On Columbus Day it is appropriate to discuss Christopher Columbus's legacy. Critics seem emboldened on the day we recognize the famous mariner's arrival in the New World. Was Columbus the barbaric sadist his detractors claim? Or was he a great explorer and discoverer?

Columbus lived an impoverished, unspectacular childhood. He spent his youth studying geography and developing his love for sailing. In manhood Columbus was relentless in peddling his belief in a spherical earth and westward sailing route to reach India. His audiences with the Spanish royalty are legendary.

However, the concept of a round world didn't originate with Columbus. Neither was a westward trade route to India his idea. His desires to prove these theories weren't rooted in scientific advancement. Columbus sought personal fame and fortune, expressing an entrepreneurial, capitalist attitude, which could partially explain why the modern Left hates him so.

Ultimately, Christopher Columbus never amassed the fortune he sought and died in poverty just 15 years after a discovery he never realized. He secured fame, but not in his time. Columbus never sailed west to India. Actually, he believed the New World was India. According to modern standards he would be an ignorant failure. But Columbus didn't live by modern standards.

Columbus was an excellent navigator, a courageous explorer and an able captain. He discovered a land unknown in his world and returned home across a trackless ocean. He commanded sailors who believed the Atlantic Ocean was full of sea serpents intent on devouring the wayward seaman. They thought the Atlantic an infinite sea that boiled at the equator. Christopher Columbus' accomplishments were remarkable considering the obstacles he faced.

Then there's the other portrayal of Columbus, that of the murderous, slave-trading ogre that detractors use to besmirch his memory. Not content with his true faults, Columbus haters accuse the Genoa mariner of destroying the peaceful paradise that was the Caribbean.

Columbus, his antagonists allege, sparked a genocidal avalanche of misery and mayhem that decimated the Arawak Indians. In fact, the entire European exploration and settlement era exploded into an imperialistic inferno with Christopher Columbus holding the match. Yet the idea that the Western Hemisphere was the Garden of Eden prior to 1492 is fairly naïve. Some European explorers were brutal, and the Taino Arawak tribe suffered at Spanish hands. But to lay all violence at the feet of Columbus ignores the New World brutality that existed before his arrival.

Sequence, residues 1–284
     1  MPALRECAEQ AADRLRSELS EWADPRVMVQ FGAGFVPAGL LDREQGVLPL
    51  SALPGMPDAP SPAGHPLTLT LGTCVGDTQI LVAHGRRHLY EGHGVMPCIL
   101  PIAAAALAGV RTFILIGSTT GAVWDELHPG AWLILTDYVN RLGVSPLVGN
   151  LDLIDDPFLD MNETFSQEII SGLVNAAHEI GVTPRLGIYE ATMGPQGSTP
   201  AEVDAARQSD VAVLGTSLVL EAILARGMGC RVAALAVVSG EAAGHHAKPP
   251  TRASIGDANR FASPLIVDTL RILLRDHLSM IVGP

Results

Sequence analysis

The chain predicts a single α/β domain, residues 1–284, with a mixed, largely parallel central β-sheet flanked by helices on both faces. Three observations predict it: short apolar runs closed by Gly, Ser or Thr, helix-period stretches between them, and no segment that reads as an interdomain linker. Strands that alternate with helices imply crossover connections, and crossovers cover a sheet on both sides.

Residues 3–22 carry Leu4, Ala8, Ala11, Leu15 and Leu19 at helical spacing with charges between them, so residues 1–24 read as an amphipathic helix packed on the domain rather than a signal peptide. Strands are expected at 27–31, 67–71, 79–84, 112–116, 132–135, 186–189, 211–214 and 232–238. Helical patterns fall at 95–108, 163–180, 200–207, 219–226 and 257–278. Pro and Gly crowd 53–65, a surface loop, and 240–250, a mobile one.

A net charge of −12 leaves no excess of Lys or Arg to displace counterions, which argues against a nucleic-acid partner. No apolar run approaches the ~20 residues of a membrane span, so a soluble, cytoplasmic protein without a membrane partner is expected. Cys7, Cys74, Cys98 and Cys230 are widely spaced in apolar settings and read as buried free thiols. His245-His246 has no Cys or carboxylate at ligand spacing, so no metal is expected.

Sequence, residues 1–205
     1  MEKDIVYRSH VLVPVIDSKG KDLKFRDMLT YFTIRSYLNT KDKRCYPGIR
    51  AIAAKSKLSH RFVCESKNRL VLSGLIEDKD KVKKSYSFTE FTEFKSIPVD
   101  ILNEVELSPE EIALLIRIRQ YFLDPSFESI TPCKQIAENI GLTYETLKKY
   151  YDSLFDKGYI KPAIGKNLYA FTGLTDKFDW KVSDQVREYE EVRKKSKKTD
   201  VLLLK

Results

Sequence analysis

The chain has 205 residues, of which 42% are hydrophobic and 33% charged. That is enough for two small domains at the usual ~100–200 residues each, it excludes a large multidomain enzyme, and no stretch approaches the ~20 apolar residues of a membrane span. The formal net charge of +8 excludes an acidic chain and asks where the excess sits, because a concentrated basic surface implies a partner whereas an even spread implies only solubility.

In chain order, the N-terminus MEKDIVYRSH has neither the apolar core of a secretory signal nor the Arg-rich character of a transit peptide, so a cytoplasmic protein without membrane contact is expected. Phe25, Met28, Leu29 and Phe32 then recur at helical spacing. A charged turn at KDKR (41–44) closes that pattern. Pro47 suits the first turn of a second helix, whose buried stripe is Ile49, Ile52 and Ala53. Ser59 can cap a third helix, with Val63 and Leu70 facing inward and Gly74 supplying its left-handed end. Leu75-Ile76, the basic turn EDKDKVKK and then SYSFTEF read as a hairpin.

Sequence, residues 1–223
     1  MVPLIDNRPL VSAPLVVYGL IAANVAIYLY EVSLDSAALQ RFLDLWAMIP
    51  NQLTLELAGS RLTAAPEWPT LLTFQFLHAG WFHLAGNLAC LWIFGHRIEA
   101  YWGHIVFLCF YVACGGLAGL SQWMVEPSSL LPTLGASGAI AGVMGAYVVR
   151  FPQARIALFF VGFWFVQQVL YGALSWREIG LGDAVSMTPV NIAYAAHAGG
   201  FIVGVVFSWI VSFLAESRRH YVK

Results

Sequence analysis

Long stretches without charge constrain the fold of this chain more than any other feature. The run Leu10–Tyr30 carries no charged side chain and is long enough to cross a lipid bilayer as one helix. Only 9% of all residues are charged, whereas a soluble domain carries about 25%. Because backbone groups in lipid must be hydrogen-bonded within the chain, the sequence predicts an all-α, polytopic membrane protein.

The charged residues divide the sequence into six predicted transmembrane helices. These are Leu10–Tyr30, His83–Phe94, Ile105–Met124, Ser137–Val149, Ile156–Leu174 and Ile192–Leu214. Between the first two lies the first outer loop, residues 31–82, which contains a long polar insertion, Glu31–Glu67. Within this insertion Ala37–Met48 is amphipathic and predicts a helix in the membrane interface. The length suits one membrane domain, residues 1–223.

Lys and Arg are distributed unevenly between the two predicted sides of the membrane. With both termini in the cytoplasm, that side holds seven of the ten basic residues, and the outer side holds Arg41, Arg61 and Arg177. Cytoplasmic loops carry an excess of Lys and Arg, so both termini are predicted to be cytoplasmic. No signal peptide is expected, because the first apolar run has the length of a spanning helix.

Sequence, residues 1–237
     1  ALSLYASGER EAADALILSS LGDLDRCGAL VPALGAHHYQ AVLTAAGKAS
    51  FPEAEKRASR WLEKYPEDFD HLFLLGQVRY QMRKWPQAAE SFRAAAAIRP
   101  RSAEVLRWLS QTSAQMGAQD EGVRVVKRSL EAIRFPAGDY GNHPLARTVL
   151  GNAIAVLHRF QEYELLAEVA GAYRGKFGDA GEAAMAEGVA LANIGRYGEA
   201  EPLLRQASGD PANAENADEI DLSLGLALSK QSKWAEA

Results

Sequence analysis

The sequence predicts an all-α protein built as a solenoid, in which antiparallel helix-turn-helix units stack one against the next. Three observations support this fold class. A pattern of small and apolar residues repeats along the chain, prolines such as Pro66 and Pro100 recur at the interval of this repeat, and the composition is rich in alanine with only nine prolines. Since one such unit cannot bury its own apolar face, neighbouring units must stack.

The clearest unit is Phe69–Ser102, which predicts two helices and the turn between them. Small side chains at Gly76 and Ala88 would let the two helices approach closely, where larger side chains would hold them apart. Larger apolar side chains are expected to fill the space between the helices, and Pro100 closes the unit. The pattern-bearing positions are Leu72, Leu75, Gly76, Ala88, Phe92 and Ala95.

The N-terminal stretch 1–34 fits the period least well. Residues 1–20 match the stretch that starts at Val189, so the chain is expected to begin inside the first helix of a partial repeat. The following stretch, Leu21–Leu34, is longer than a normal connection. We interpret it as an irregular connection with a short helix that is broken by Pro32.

The Taino were rather passive. But the Caribs were a fierce people who abused the Tainos and took their lands before Columbus arrived. The Caribs made wives of captured Taino women (slavery, anyone?), fashioned necklaces from their vanquished enemy's teeth and may have practiced cannibalism.

The Caribs may have decimated the Ciboneys who once inhabited the Caribbean. The Ciboneys descended from a prior culture that was all but exterminated by yet another people. And if the Caribs themselves weren't cannibals, the Tupinamba Indians were. Finally, these tribes were indigenous Caribbean Indians; they migrated from the mainland. Thus the peaceful natives Columbus assaulted were neither peaceful nor native, but warrior explorers and conquerors.

Each person must render an individual judgment on history. Make what you will of Columbus and his successors. But remember that many civilizations originated in other places and expanded their holdings and influence through force. Mankind has explored, fought, conquered, settled and lost throughout world history. That reality isn't going to change just to suit the unrealistic notions of Utopian fantasists.
Christopher Columbus is neither as pure nor as despicable as he is portrayed. He was human, a walking paradox whose life was filled with flaw and virtue, success and failure. He accomplished more than he knew while never quite realizing his dreams. Why not celebrate Christopher Columbus' courage and contributions while learning from his faults and failures?

Anthony W. Hager has authored more than 250 articles for various newspapers, periodicals and websites. Contact him via his website, www.therightslant.com.